Logo IMG

Modern Cosmology: Science or Folktale?


Albert Bosma and Vera Rubin, et al, independently discovered that objects in the galactic disks of spiral galaxies did not comply with Kepler's laws of planetary motion, since their rotational velocities did not diminish with radial distance, but Rubin's work predated Bosma's by more than three years.

However, it was never formally established that the empirical laws of planetary motion should apply to spiral galaxies: this was simply presumed.

As Newton showed in his Principia, the accuracy of Kepler's equations is dependent on orbitals that contain nearly zero mass (the Sun contains 99.86% of total Solar system mass) so as not to perturb each other's orbits. The disks of spiral galaxies contain a relatively large percentage of total galactic mass; peripheral disk objects primarily interact with neighboring peer masses - they are self-gravitating. The motions of spiral galaxies can be generally described as rotating thin disks. Please see: Feng & Gallo, (2011), "Modeling the Newtonian dynamics for rotation curve analysis of thin-disk galaxies",

More precise measurements of 240 discrete Milky Way halo objects' rotational velocities (including globular clusters, satellite galaxies and individual stars) physically constrains the potential location of any dark matter halo. Please see: G. Battaglia et al, (2005), "The radial velocity dispersion profile of the Galactic halo: Constraining the density profile of the dark halo of the Milky Way",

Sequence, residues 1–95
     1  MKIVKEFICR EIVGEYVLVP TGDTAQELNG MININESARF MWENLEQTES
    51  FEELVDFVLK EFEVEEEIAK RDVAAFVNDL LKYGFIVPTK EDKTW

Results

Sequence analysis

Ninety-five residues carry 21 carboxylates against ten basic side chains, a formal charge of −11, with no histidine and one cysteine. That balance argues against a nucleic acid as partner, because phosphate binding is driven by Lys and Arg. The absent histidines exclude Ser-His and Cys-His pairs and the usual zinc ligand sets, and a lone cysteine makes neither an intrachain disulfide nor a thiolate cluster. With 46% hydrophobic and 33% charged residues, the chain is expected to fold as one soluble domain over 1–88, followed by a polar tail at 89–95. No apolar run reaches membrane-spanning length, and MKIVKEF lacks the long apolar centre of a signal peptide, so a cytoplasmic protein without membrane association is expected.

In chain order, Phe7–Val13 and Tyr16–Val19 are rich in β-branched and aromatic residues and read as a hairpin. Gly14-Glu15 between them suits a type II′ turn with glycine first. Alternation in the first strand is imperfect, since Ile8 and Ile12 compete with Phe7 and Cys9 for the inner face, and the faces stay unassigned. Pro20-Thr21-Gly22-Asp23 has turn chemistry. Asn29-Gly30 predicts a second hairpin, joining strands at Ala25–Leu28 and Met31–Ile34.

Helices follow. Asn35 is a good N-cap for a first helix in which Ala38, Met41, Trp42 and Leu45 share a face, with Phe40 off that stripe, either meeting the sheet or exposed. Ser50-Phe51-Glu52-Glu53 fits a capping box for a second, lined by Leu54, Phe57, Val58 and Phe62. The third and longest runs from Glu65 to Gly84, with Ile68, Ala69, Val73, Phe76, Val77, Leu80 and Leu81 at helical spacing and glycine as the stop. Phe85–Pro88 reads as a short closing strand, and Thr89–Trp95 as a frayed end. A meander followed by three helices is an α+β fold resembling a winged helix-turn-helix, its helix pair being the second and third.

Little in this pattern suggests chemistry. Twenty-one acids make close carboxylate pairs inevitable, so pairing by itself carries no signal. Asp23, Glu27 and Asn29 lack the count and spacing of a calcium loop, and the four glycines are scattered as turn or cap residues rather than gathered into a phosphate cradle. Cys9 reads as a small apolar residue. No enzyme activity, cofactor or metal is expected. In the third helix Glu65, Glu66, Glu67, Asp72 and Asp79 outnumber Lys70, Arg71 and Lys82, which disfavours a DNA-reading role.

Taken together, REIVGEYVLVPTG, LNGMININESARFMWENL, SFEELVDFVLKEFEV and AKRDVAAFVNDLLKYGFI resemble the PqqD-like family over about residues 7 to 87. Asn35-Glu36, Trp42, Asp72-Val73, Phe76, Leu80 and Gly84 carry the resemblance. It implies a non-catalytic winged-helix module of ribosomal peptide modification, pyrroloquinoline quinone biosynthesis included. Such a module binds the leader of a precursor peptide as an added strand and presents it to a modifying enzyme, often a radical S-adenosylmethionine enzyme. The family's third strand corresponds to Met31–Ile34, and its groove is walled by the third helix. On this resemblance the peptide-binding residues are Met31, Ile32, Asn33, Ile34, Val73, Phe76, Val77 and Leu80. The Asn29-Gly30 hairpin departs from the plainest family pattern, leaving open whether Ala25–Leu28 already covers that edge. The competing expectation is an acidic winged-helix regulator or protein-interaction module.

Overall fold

While the disks of spiral galaxies do not comply with Keplerian rotational curves, this same data indicates that the rotational velocities of halo objects DO diminish as a function of their radial distance and that each independently orbit the distant galactic disk "like planets in the Solar system," placing an upper constraint on the total galactic mass that could produce their observed velocities. Please also see: Bratek et al, (2011), "Keplerian Ensemble Approximation. The issue of motions of Galactic halo compact objects",

These new findings, along with the questionable presumption used to infer the existence of galactic dark matter - that individual disk objects independently orbit some single dominating mass, should be enough to justify a rigorous reevaluation of galactic gravitation and redetermine whether any 'missing' mass might be required to produce observed galactic rotational characteristics.
posted by James Dwyer
February 11, 2012 @ 1:27 AM


Read Past Issues on JSTOR

JSTOR, the online academic archive, contains complete back issues of American Scientist from 1913 (known then as the Sigma Xi Quarterly) through 2005.

The table of contents for each issue is freely available to all users; those with institutional access can read each complete issue.

View the full collection here.


Year-end indexes in PDF format:






Subscribe to Free eNewsletters!

  • American Scientist Update

  • An early peek at each new issue, with descriptions of feature articles, columns, and more. Every other issue contains links to everything in the latest issue's table of contents.

  • Scientists' Nightstand: Holiday Special!

  • News of book reviews published in American Scientist and around the web, as well as other noteworthy happenings in the world of science books.

    To sign up for automatic emails of the American Scientist Update and Scientists' Nightstand issues, create an online profile, then sign up in the My AmSci area.

Write for American Scientist

Review our submission guidelines.

Subscribe to American Scientist